April 25th, 2013

NBRSA Long Range Nationals Underway in Sacramento

The NBRSA Long-Range Nationals are underway right now at the Sacramento Valley Shooting Center Range in Sloughhouse, CA. The NBRSA LR Nationals involves three separate events (over five days), starting with the 2-day 600-yard Nationals, followed by an F-Class Benchrest Match, and concluding with the 1000-yard Nationals on Saturday and Sunday.

The 600-yard Nationals (aka Sloughhouse 600), calendared April 24-25, concludes today. Guys are probably finishing up their final 600-yard relay as this story goes to press. On Friday, April 26, the NBRSA will hold a 1000-Yard “F-Bench” match. This is a popular new discipline which allows guys with F-Class rifles (up to 22 lbs.) to shoot off the bench. It’s a good idea that encourages participation from shooters who might not otherwise come to the Nationals.

After Friday’s F-Bench Match, the NBRSA 1000-yard National Championships (aka the 6th Annual Sloughhouse 1000) will be held April 27-28 (Saturday and Sunday). NOTE: It’s not too late to sign up for the 1000-yard match this weekend. Long Range National Fees are $50 a day, Late fee applies. For more information, visit www.NBRSA.org and www.SacValley.org. Below are Match Application Forms, in MS Word format (right click and “save as”).

F-Bench Match Application | Sloughhouse 1000 Application | Sloughhouse 600 Application

PREVIEW New NBRSA RuleBook

The NBRSA is updating its Official Rulebook and By-Laws. The newly revised Rulebook (version 38) is in the process of being printed. However, the NRBRSA has uploaded a PDF file you can now preview the the latest (version 38) of the Official Rulebook.

CLICK HERE for NBRSA Revised Rulebook (vers. 38) PREVIEW (PDF File, 1.7mb).

Rulebook Tip by EdLongrange. We welcome reader submissions.
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April 25th, 2013

What is an “Overbore” Cartridge? Let’s Look at Some Numbers…

Forum Member John L. has been intrigued by the question of “overbore” cartridges. People generally agree that overbore designs can be “barrel burners”, but is there a way to predict barrel life based on how radically a case is “overbore”? John notes that there is no generally accepted definition of “overbore”. Based on analyses of a wide variety of cartridges, John hoped to create a comparative index to determine whether a cartridge is more or less “overbore”. This, in turn, might help us predict barrel life and maybe even predict the cartridge’s accuracy potential.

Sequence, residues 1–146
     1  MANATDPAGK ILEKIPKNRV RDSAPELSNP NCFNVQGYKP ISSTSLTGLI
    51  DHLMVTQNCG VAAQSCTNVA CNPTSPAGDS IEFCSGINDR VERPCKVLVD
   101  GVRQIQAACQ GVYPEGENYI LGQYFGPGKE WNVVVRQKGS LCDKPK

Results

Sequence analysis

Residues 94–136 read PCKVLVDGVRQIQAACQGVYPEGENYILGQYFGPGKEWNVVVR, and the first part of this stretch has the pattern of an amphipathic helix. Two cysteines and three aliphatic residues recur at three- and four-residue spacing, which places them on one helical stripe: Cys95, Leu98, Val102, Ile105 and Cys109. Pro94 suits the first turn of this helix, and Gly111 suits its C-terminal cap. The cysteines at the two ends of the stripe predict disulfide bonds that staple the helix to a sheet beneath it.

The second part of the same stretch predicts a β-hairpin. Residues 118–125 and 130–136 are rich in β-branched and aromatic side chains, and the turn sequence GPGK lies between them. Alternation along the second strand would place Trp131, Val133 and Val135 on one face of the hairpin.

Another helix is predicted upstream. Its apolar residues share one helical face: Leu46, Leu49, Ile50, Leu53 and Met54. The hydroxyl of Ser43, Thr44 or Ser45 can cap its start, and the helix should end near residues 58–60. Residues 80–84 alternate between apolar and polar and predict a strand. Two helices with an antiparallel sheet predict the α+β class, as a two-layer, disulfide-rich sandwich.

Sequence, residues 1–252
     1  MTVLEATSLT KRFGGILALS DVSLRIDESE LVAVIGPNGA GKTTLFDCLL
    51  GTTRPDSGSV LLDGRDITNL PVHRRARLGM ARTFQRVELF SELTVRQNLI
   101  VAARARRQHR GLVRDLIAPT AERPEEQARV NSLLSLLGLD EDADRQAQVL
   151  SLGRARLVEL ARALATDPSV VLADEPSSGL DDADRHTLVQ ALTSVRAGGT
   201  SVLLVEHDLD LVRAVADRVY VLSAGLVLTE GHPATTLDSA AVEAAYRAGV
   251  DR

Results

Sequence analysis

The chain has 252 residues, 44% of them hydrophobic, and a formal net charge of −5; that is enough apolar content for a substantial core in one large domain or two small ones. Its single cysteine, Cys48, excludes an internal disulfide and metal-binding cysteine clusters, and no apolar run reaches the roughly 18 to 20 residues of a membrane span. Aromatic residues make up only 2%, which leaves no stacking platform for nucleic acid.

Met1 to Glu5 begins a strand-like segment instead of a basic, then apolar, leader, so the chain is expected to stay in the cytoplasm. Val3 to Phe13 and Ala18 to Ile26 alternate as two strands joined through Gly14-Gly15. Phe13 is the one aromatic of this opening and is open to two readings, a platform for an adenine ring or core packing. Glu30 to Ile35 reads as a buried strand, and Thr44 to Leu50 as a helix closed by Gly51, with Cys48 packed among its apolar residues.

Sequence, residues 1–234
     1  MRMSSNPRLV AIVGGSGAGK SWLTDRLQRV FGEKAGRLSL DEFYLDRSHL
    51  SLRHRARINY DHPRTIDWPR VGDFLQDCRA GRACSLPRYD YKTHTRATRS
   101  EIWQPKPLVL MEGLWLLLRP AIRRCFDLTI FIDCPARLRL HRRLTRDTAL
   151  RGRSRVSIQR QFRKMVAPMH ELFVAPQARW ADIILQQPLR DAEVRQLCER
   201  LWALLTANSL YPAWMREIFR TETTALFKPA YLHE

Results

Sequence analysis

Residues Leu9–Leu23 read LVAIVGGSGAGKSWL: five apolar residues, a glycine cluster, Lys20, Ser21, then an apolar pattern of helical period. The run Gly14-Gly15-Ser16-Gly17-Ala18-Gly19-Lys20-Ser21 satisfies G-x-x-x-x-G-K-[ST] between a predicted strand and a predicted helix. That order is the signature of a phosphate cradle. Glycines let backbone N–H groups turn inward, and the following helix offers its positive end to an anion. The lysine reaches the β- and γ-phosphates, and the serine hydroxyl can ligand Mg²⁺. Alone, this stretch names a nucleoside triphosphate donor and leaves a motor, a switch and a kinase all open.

John tells us: “I have read countless discussions about overbore cartridges for years. There seemed to be some widely accepted, general rules of thumb as to what makes a case ‘overbore’. In the simplest terms, a very big case pushing a relatively small diameter bullet is acknowledged as the classic overbore design. But it’s not just large powder capacity that creates an overbore situation — it is the relationship between powder capacity and barrel bore diameter. Looking at those two factors, we can express the ‘Overbore Index’ as a mathematical formula — the case capacity in grains of water divided by the area (in square inches) of the bore cross-section. This gives us an Index which lets us compare various cartridge designs.”

OVERBORE INDEX Chart

Overbore Index Chart

So what do these numbers mean? John says: “My own conclusion from much reading and analysis is that cartridges with case volume to bore area ratio less than 900 are most likely easy on barrels and those greater than 1000 are hard on barrels.” John acknowledges, however, that these numbers are just for comparison purposes. One can’t simply use the Index number, by itself, to predict barrel life. For example, one cannot conclude that a 600 Index number cartridge will necessarily give twice the barrel life of a 1200 Index cartridge. However, John says, a lower index number “seems to be a good predictor of barrel life”.

John’s system, while not perfect, does give us a benchmark to compare various cartridge designs. If, for example, you’re trying to decide between a 6.5-284 and a 260 Remington, it makes sense to compare the “Overbore Index” number for both cartridges. Then, of course, you have to consider other factors such as powder type, pressure, velocity, bullet weight, and barrel hardness.

Overbore Cases and Accuracy
Barrel life may not be the only thing predicted by the ratio of powder capacity to bore cross-section area. John thinks that if we look at our most accurate cartridges, such as the 6 PPC, and 30 BR, there’s some indication that lower Index numbers are associated with greater inherent accuracy. This is only a theory. John notes: “While I do not have the facilities to validate the hypothesis that the case capacity to bore area ratio is a good predictor of accuracy — along with other well-known factors — it seems to be one important factor.”

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